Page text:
When a REST Resource Should Get Its Own Address

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When a REST Resource Should Get Its Own Address

When working with a REST architecture, do you know when to give or not give a resource its own name? If not, or if you just love APIs, read on!

· Integration Zone ·
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Author's note

In a purist REST approach, all endpoints (except the starting endpoint) are opaque and their various details shouldn't need to be published. Even if this approach is being used, the points in this article are relevant as Server logic will have to determine when something requires an endpoint or not.


In a REST architecture, an entity or a resource (for the rest of the article the term entity will be used) may or may not have its own address. For example, suppose we have an inventory application that merchants use to sell their products. Immediately, it is possible to see a Product entity. Its URL will look something like /product/{id}. 

Now, it is possible for the merchant selling the Products to add his/her own comments to the Products. For example, "Sells very well on Fridays" or "Consider changing price if the product doesn't start selling." A Product can have 0..* Comments. As stated, the Product has its own address, /product/{id}, for example /product/1231233, and a response payload like this:




    "comments": [{


             "comment":"Sells very well on Fridays"                 

     }, {


             "comment":"Consider changing price if product doesn't start selling"  



As can be seen, the payload returns a collection of Comment Objects. Should the individual comments each have their own address as well or is it okay that they are just embedded in the Product response? To help the answer this question the following should be considered.

Does the Entity Have Any Meaning Outside the Containing Entity Context?

If an Entity (for example Comment) has meaning outside their containing Entity (for example Product) then they should have their own address. For example, suppose the Entity was Student and the Student returned a list of Universities he/she had studied. These Universities have their own meaning outside the Student. So obviously the University should have its own address. In the Activity/Comments scenario, the Comments only exist for the activity. No other Entity will ever reference them or need to reference them. Therefore, further aspects need to be considered.

Is it Desirable to Perform Actions on the Individual Entities?

Should the client be allowed to create, read, update or delete the individual entity? These have to be considered separately.

Writes: Create, Update, Delete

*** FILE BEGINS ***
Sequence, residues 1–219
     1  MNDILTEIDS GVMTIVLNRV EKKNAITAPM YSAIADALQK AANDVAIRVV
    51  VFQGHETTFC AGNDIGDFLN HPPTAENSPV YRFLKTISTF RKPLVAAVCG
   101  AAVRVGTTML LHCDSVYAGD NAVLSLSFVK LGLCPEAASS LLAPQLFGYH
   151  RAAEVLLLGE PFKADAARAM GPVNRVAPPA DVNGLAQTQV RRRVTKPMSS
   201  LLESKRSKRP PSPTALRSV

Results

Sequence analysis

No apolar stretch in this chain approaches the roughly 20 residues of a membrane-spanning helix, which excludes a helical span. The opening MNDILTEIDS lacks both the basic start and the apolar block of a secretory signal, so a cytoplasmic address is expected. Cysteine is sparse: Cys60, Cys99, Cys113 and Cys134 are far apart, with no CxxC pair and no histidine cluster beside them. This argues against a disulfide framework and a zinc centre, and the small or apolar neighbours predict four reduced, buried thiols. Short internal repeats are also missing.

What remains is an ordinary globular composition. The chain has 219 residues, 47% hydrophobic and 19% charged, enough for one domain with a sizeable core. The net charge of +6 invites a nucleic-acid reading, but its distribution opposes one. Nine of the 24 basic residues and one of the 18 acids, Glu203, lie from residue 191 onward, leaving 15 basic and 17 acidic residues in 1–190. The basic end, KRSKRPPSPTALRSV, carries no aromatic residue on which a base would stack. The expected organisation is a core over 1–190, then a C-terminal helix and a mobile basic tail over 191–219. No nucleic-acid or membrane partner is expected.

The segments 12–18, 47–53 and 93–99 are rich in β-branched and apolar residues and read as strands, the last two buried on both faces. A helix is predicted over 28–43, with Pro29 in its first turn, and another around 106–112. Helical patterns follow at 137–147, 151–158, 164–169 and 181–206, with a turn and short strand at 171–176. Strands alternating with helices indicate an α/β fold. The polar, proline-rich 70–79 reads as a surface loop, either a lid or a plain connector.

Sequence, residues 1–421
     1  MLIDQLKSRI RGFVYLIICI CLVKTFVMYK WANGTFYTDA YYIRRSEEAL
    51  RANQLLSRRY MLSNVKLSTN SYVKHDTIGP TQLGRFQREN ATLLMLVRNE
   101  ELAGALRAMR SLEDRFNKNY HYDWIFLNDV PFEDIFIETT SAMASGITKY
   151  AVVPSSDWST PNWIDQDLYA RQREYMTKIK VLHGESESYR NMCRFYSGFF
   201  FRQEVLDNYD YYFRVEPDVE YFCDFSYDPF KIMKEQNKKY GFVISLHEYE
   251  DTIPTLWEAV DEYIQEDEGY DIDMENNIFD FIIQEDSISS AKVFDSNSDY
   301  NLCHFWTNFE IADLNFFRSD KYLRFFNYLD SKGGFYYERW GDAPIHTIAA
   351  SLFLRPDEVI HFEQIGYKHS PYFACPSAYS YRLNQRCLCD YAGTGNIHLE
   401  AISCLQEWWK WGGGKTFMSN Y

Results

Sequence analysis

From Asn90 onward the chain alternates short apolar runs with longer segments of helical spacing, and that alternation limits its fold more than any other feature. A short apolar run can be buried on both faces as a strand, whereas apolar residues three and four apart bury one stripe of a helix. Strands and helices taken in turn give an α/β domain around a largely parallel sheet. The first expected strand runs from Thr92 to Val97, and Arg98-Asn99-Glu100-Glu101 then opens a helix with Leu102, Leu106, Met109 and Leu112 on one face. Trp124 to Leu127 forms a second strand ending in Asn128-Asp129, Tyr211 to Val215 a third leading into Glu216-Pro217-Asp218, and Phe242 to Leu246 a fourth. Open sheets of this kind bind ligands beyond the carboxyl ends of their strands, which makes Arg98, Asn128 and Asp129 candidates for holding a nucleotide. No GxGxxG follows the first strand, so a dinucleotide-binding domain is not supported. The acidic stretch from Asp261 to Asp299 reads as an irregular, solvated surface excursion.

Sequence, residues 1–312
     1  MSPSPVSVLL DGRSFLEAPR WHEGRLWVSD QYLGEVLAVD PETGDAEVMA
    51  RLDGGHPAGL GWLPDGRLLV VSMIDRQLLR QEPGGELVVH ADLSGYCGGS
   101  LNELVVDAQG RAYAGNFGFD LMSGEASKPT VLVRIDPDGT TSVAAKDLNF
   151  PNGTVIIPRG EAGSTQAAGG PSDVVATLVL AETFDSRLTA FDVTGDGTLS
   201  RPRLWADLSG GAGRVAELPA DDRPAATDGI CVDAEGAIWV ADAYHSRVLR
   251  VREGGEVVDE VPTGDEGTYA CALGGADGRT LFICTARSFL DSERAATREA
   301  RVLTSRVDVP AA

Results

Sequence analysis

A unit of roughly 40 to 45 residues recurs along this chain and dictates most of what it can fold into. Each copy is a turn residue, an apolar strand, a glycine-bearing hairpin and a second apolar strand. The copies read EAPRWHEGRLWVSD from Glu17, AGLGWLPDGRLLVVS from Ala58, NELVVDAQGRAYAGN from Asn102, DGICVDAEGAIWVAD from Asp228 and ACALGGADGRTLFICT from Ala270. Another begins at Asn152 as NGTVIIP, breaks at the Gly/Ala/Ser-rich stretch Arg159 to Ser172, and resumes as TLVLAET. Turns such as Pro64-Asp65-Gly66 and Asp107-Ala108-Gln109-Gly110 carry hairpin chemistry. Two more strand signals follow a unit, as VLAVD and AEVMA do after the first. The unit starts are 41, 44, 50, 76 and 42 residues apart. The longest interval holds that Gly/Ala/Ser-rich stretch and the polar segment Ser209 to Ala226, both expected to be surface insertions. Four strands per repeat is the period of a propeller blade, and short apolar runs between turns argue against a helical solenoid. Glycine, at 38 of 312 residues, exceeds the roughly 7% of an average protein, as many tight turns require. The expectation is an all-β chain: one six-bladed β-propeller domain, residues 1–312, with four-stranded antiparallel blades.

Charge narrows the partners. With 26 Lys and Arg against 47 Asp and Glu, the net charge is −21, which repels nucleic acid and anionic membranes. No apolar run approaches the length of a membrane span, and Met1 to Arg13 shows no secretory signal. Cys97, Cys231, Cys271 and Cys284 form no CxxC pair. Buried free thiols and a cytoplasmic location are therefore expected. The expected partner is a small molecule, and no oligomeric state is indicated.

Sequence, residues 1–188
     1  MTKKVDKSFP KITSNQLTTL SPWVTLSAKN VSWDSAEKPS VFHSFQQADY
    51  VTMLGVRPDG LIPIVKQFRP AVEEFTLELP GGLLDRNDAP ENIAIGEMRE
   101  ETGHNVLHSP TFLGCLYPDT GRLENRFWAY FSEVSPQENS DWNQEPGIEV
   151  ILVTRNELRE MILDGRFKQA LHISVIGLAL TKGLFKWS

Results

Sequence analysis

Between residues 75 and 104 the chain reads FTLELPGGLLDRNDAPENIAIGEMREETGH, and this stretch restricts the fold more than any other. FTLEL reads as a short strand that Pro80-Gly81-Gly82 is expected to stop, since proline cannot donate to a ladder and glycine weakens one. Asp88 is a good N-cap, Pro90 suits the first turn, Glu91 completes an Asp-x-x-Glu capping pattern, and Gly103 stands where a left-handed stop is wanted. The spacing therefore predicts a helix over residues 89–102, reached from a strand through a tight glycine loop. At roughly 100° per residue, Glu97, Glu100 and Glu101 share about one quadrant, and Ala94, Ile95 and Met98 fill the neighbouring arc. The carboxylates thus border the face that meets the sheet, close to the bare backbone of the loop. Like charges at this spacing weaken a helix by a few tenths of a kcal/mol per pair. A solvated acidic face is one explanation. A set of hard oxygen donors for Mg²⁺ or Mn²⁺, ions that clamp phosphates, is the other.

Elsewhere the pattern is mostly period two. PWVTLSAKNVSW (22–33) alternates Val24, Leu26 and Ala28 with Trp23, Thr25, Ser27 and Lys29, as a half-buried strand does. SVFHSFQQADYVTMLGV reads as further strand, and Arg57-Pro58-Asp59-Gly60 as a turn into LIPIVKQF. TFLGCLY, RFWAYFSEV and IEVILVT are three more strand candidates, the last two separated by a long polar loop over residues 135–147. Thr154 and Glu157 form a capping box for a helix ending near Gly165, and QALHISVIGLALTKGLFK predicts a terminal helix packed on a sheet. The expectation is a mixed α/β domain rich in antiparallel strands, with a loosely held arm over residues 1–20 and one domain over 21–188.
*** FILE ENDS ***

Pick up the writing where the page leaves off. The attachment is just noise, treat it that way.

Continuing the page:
In the Product/Comments scenario, a Comment would never be created outside or without a Product. It is essentially added to a Product. This could be considered as a partial update to the Product. However, an update or delete to an existing Comment could also be considered a partial update to the Product. This creates complexity on how to differentiate between Create/Updates and Deletes of a Comment using a partial update on the Product. If this is required, it would be much simpler to create a contextual address for the Comment (which indicates the hierarchical nature of the Product/Comment) then allow the Client to send POST, PUT, PATCH, DELETES to that.

Example URL: /product/1231233/comment/1


In some scenarios, the parent containing Entity may not return all the information about the child Entities. For example, again consider the Product --> Comment scenario. Suppose the comment was very large. This would mean the payload for the Product was also very large. In such cases, it might be more prudent for the Product to just return a summary of the Comment and if the client wants the full Entity to make an individual request. Similarly, if there's a big performance cost to get an individual Entity (for example a 3rd party API has to be invoked to get all the information about the comment), it can make more sense to just send a URL link to the Entity rather than the actual entity contents.

N+1 Problem

If individual Reads are required, be careful that the N+1 problem doesn't then get introduced. For example, suppose a Product could have 100 Comments. The Product API will only return a summary of the Comment and a link to each individual comment if the client wants all the information. However, if the client wants every single comment, this means there will now be 100 HTTP requests. If this is a potential scenario, then a secondary endpoint which aggregates all the comments into the Product should be considered. This is similar to the API Gateway pattern.

Surface Area of Endpoints

In any architecture when contracts are published, if there are too many it can become very unwieldy for developers to understand. Most well-known APIs (e.g. PayPal, Amazon, Twitter, Google) usually only have about 20 - 30 addresses. This is a good aim to have. If there are 5,000 different addresses it can become way too large and difficult to control, etc.

In summary, the decision diagram provides guidance on what you should do.

integration, rest api, rest architecture

Published at DZone with permission of Alex Staveley , DZone MVB. See the original article here.

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